95th ESA Annual Meeting (August 1 -- 6, 2010)

PS 70-45 - Measurement of native and invasive plant cover changes to improve planning and management in a rare Virginia wetland

Thursday, August 5, 2010
Exhibit Hall A, David L Lawrence Convention Center
Christina R. Harman1, James Yoder1 and Wendy B. Cass2, (1)Biology, Eastern Mennonite University, Harrisonburg, VA, (2)Natural Resources Branch, Shenandoah National Park, Luray, VA

Documenting changes in exotic and native plant populations is an essential component of  the formation and assessment of resource management plans and efforts. Shenandoah National Park is home to Big Meadows Swamp (BMS), a globally rare Blue Ridge Mafic Fen, which supports a unique plant community. Monitoring performed in 2006 and 2008 focused on 13 target plant species, including five invasive exotic  plant species that threaten to impact this community and eight species of state rare native plant. This study sought to estimate the changes in cover of the 13 target species, identify priority areas for exotic plant control, and assess the effect of current exotic plant control measures. A 10 x 10 meter grid was used to generate 978 points in BMS that were sampled in 2006 and 2008. At each point, percent cover was visually estimated for  each of the 13 target species in a 1 x 1 meter quadrat. In two areas of greater rare plant abundance equaling 17% of the study area, 145 transects were also sampled in both years. Hand-pulling as a means of control for three target exotic species was also begun in these areas after 2006 sampling.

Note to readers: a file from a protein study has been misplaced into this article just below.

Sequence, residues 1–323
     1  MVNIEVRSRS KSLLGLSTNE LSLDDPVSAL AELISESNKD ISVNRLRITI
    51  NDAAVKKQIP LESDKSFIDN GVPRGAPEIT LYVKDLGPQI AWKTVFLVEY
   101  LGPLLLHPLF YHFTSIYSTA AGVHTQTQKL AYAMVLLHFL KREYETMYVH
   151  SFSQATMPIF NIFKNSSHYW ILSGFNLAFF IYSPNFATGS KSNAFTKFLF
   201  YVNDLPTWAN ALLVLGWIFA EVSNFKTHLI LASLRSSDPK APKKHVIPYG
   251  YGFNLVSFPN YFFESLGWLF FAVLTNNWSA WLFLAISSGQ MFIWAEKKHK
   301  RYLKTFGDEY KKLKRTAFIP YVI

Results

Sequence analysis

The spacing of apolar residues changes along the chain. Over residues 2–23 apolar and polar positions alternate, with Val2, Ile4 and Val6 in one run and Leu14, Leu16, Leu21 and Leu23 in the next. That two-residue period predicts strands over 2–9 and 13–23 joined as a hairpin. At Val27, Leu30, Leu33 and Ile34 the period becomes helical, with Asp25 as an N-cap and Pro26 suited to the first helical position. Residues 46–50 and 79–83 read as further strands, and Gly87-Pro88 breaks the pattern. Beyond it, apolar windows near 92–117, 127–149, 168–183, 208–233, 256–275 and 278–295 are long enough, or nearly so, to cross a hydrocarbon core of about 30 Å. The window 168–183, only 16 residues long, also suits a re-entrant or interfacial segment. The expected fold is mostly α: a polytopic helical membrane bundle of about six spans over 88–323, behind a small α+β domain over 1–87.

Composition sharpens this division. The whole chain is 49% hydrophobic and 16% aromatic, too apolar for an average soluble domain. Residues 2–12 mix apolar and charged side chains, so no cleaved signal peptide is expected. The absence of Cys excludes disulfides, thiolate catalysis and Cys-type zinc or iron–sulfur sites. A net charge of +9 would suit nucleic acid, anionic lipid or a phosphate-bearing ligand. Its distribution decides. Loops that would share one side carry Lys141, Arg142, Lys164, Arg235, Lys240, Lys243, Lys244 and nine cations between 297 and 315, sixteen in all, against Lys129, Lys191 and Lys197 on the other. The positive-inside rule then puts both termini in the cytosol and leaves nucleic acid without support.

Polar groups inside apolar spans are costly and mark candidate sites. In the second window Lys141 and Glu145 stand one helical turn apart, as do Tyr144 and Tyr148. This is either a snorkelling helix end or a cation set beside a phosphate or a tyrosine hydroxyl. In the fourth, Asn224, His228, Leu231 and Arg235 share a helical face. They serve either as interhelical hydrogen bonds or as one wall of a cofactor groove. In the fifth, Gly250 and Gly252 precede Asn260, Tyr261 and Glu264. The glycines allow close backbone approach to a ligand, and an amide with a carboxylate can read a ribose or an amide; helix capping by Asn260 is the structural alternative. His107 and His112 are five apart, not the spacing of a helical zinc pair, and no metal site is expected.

Analyses of changes in plant cover using the quadrat and transect data indicated significant changes among three exotic and four native plant species.  Among exotic plants, Microstegium vimineum cover increased significantly, showing an  increase of over 300% throughout the entire study area, while Alliaria petiolata exhibited a significant decline.  Polygonum caespitosum exhibited a significant decline in only controlled areas.  Among native plants species, Epilobium leptophyllum cover increased significantly only outside of controlled areas while Sanguisorba canadensis and Carex buxbaumii declined significantly within controlled areas. Only the native Iris versicolor increased significantly within the controlled areas. The results suggest that present control methods are effectively halting the spread of P. caespitosum and may be preventing significant increases in M. vimineum within controlled areas. The decline of A. petiolata throughout the study site cannot be explained by control efforts. The trends in native plant cover suggest that only the native I. versicolor is expanding in controlled areas while other native species such as C. buxbaumii and E. leptophyllum may be negatively affected by disturbance resulting from mechanical control efforts.